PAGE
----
Spotlight: Bowling League

June 22, 2018

Melissa Leide

With the highest quantity of LLT participants to date, the latest 10-week bowling league was an absolute blast. Check out the video that captures LLT hitting the lanes and showing those pins who’s boss!


Q&A With The Man Behind The Camera

Always the man behind the camera, Vince Griff granted me an exclusive interview to answer a few questions about what goes into making such an awesome video–apparently it’s not as easy as it seems!

Q: What are some of the first steps you take before shooting any footage?

A: First, we looked around to see what other people have done based on flow which was the main component I wanted to concentrate on for this video. Then Mat and I were going through ideas, spitballing back and forth. Once we have a rough idea, it starts to grow from there.

For this video, we wanted to do something creative for the beginning. We really liked Edgar Wright’s style, super short and very quick clips that build momentum, wanting to go off that idea we started to think about how we could do that. We landed on the idea of trying to act hardcore serious in the beginning but because we’re a more humorous bunch we wanted to segway into being funny.

Q: For candid shots, how do you capture the moment when there is so much going on around you?

A: That is always a challenge because if you’re looking one way, you’re missing everything that is behind you. I try to observe who gives off the most energy out of everyone and try to hone in on that person first to get those hero shots.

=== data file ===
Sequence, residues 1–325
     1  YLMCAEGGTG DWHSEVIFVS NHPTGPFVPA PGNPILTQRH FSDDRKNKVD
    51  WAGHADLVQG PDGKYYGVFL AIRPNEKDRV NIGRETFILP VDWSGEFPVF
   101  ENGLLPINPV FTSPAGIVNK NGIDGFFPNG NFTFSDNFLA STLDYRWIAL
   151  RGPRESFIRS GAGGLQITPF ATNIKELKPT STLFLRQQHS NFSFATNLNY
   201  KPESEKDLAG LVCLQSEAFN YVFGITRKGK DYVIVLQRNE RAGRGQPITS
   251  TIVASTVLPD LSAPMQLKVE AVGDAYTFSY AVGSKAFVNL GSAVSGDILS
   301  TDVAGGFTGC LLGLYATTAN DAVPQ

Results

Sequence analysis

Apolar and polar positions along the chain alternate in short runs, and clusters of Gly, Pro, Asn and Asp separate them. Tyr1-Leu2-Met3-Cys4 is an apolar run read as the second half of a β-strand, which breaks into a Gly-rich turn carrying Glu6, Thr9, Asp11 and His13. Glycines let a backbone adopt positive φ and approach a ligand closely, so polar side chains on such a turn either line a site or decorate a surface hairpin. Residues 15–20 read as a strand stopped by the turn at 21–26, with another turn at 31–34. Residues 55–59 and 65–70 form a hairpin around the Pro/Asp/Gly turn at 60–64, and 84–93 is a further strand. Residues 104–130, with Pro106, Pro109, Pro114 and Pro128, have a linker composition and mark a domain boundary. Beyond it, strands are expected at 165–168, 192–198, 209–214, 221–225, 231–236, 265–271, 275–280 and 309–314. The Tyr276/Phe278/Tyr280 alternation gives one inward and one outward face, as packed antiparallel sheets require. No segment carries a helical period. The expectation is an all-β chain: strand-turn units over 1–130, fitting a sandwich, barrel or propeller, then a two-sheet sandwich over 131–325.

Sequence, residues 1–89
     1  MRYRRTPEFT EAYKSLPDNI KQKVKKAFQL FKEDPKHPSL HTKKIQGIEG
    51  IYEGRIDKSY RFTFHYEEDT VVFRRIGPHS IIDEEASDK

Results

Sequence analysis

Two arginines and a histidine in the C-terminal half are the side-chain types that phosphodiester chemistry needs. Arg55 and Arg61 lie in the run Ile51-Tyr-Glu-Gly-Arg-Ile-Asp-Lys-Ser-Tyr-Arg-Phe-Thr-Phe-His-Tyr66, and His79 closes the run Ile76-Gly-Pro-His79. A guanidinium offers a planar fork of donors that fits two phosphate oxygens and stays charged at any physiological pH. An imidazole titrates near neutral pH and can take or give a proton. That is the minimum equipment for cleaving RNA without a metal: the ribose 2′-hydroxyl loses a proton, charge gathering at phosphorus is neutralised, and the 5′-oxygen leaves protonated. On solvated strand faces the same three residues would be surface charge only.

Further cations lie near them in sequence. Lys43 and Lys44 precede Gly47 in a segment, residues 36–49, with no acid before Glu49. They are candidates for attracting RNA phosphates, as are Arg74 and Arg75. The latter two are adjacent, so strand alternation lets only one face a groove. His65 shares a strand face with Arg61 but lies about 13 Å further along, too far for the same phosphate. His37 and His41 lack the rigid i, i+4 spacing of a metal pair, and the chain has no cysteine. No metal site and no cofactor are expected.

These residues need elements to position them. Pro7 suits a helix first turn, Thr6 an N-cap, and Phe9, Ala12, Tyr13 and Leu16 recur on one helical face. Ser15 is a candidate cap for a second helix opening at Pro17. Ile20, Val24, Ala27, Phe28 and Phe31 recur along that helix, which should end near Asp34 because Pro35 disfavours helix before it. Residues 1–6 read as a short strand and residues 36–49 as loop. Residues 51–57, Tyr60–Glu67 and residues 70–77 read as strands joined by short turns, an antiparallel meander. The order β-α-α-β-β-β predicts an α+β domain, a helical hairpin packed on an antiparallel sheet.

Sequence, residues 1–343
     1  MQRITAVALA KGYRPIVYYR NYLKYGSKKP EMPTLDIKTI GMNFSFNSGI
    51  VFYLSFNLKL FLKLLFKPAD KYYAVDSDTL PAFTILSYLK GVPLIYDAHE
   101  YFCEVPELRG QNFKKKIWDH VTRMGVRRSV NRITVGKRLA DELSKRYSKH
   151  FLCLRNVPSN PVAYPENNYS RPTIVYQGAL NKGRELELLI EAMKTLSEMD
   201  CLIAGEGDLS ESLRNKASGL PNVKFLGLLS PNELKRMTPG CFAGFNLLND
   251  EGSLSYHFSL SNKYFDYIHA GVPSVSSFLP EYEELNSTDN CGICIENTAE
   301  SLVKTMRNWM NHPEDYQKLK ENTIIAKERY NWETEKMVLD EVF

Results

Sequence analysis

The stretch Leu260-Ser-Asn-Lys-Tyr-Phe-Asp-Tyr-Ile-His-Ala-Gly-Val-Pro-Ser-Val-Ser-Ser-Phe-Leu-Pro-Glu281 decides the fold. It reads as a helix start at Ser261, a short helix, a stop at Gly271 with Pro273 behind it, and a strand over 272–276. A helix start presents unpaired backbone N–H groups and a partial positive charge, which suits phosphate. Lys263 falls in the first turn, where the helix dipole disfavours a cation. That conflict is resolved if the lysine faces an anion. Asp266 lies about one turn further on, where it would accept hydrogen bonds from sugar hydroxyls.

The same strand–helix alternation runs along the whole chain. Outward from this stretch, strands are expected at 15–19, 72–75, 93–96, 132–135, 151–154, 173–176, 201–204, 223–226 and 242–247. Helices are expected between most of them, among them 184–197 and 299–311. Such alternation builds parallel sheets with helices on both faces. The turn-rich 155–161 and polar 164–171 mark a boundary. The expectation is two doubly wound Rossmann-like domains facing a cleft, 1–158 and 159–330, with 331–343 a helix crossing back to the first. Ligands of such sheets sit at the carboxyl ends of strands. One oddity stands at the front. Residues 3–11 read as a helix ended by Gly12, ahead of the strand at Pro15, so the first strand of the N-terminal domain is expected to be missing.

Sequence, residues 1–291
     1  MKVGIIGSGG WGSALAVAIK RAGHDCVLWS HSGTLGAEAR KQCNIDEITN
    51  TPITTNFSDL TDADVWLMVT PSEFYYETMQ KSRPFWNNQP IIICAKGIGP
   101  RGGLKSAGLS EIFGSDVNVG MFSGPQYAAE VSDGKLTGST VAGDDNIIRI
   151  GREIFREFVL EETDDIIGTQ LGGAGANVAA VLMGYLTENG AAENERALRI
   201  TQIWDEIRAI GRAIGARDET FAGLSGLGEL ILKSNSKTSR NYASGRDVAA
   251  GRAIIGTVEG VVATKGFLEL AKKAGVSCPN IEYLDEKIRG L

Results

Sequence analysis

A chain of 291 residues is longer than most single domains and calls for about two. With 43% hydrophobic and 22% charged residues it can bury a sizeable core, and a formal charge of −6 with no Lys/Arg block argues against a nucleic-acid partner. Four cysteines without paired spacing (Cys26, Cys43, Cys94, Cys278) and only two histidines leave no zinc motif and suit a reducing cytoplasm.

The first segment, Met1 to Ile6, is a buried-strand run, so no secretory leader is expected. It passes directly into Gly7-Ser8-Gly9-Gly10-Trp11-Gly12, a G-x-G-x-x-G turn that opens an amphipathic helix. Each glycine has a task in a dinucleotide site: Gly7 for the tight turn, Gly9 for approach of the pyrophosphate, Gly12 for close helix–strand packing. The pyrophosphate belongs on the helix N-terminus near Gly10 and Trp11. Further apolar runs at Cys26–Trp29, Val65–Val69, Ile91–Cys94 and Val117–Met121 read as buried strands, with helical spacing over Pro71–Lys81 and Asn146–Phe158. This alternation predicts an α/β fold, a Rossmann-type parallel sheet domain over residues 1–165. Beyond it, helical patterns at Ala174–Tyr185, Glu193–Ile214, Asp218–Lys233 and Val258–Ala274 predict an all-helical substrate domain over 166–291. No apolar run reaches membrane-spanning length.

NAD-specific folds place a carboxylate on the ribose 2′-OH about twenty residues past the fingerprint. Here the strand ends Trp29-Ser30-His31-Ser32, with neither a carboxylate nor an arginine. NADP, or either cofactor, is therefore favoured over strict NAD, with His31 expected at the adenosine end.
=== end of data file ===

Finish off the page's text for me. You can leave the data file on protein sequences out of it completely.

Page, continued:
Then I basically try to stay a fly on the wall. When you are doing candid shots, people become more aware of the camera but towards the end of the shoot you get the best stuff because everyone’s used to you being there, that’s when the real natural moments come out.

It also depends on how you position the camera, if you position it low behind someone and that person walks out of the way but you already have it framed for someone in the distance then that person is unaware you are filming them, they think you are filming someone else, so it works out but kind of a creepy way to do it.

Q: What are some tips you have for shooting in dark lighting situations, like the bowling alley?

A: That was the biggest challenge overall, especially the mixed lighting because you have the red on one side and the blue lighting on the other side. With most fluorescents, you can adjust the Kelvin to create more balance but this one I just had to eyeball it to get the general aspect. Since it was such a large shoot and a large building, we couldn’t really bring lighting in so we relied on using fast lenses with a large aperture. We were shooting everything mainly at a 2.8 and a high ISO, 3200 pretty much across the board. We were shooting at 60fps for the slow motion and we took that and multiplied it by 2 for an optimal shooting speed. The 1/120th shutter speed gave enough light while also maintaining the motion.

Q: How do you begin to sift through all the footage?

A: That’s a tough one too! My technique has changed over time, before I had a shot list and I’d go through that list and pick each clip to use. Now, I zip through all the footage, pick out my favorite shots and put them directly into Final Cut Pro. Then as I’m editing I can just go through, they are already there, super quick to grab one that feels right for that spot. Sometimes I’ll put the audio track in there too and if there is a part of the song that has a peak, then it needs a pop of motion that I look for. It’s a small thing but by timing the motion with the audio track it gives a lot of energy to the video.

Q: You’re in the bowling league too, how excited were you to create this video?